Sep 16, 2010

Baby Photography Guide

Are you eagerly anticipating the arrival of a new little family member? Amid the hustle and bustle of the baby preparations, it’s easy to forget to photograph all of the small details that you’ll want to remember later. From pregnancy through your baby’s first birthday, this workshop gives you tips for capturing the precious moments each step of the way.

Preserving family memories is important to you—whether you're a newly expecting couple or adoptive parents waiting to meet your new little one, or a grandma who is anticipating the arrival of a new grandchild. You can use the baby and family photo ideas in this workshop to help plan your photography sessions.

Babies can be tricky photo subjects, but that doesn't mean you need to break the bank to get great shots of your new little one. There's a digital camera to fit every family's needs, but first you need to figure out which features are important to you. Most new point and shoot cameras have a resolution of at least 10 megapixels, high enough to make 30 x 40 inch prints of your favorite snapshots. Here's a list of other options to keep in mind while you're looking:

  • Optical zoom: It's easier to get captivating candids when you can step back from the action and use your camera's zoom feature to capture the important details. Look for optical zooms of at least 3X to 5X.
  • Video recording: You'll want to record your baby's first giggle along with her first smile. If you don't already have a separate video camera, look for a camera that can also record video, and capture all the sights and sounds.

We also recommend that you get a handy pocket video camera that shoots HD-quality video that you can watch on your TV, share with family, or preserve to enjoy later.

  • Shooting modes: Most point and shoot cameras have at least a few preset shooting or scene modes that optimize you camera settings for different conditions. Look for a portrait mode (for focusing on the subject and blurring the background), a macro or close-up mode (for close-ups of your baby's tiny features), and a sports mode (to catch quick-moving babies on the go).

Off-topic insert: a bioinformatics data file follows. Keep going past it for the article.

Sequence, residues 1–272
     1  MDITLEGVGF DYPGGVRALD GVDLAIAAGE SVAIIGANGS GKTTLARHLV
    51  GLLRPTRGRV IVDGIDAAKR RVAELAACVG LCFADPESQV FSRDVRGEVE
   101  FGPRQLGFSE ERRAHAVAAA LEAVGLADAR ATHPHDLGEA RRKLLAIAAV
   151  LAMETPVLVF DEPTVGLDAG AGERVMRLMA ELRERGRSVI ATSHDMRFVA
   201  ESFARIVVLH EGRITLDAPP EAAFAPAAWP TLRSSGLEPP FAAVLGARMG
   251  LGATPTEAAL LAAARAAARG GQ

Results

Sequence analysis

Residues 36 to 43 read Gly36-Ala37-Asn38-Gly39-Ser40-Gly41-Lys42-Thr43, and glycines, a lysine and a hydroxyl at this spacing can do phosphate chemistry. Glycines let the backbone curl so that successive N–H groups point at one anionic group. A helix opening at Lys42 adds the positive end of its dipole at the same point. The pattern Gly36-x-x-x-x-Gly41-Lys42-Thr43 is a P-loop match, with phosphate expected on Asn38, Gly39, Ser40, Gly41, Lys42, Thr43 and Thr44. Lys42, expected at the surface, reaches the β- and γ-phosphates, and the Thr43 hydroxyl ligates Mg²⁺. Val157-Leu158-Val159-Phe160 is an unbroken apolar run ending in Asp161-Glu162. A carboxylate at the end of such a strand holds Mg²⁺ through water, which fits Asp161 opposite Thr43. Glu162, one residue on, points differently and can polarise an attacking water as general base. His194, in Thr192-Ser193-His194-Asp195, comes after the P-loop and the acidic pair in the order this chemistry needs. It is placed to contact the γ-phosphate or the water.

• Manual controls: If you've really caught the photography bug, you'll want more control over your images. Manual controls allow you to adjust the aperture and shutter speed so you can fine-tune your photo settings.

Scene modes

  • On-camera editing: Black and white photos are especially flattering for babies, who often have blotchy or uneven skin during the first few weeks. Look for a camera that allows you to take pictures in black and white or sepia. Some cameras even allow you to crop your pictures on the camera after you've taken them, so you can make sure you got the perfect shot right away.
  • Pick which photos to share from your camera: Some cameras, like the KODAK M-series cameras, let you share with the press of a button. Simply mark the photos you want to share from the camera, choose where they go, and then plug in your camera. Your photos are sent automatically.

Don't Forget the Extras

Once you've settled on the right camera, you'll probably want to pick up a few extra supplies to round out your photo gear:

  • Extra memory cards: Most cameras come with small-capacity memory cards that hold only a few photos. Since you'll soon be taking hundreds of photos of your growing family, you'll want to purchase a larger memory card right away.
  • Extra batteries: Batteries always seem to run out of juice right in the middle of important events. Make sure you're prepared by putting extra batteries in the camera bag, or keeping another set of rechargeable batteries charged and ready to go.
  • Lens cleaning cloth: Keep a microfiber cloth handy to wipe dust and fingerprints from your lens.
  • Tripod: An inexpensive, flexible tripod like the Gorillapod can help you stabilize your camera and prevent motion-blur, especially in low-light situations.

  • Photo-editing software: Whether you go with a user-friendly free download like KODAK EASYSHARE software, or a more robust program like Adobe Photoshop Elements, the right software can help you turn so-so pictures into frame-worthy prints.
  • Storage system: Don't lose any of your memories! Make a plan for backing up and storing your photos, either on an external hard drive, or an online storage site like the KODAK Gallery.


Interested in reading more?  Check out these fine Books on Baby Photography!